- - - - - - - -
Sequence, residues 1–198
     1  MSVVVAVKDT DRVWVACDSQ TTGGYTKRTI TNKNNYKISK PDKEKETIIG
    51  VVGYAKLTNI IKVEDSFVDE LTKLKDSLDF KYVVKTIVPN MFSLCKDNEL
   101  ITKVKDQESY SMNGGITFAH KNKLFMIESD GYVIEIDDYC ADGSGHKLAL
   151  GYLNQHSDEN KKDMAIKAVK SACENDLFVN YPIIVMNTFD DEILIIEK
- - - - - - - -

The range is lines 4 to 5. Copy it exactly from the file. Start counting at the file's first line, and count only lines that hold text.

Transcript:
   101  ITKVKDQESY SMNGGITFAH KNKLFMIESD GYVIEIDDYC ADGSGHKLAL
   151  GYLNQHSDEN KKDMAIKAVK SACENDLFVN YPIIVMNTFD DEILIIEK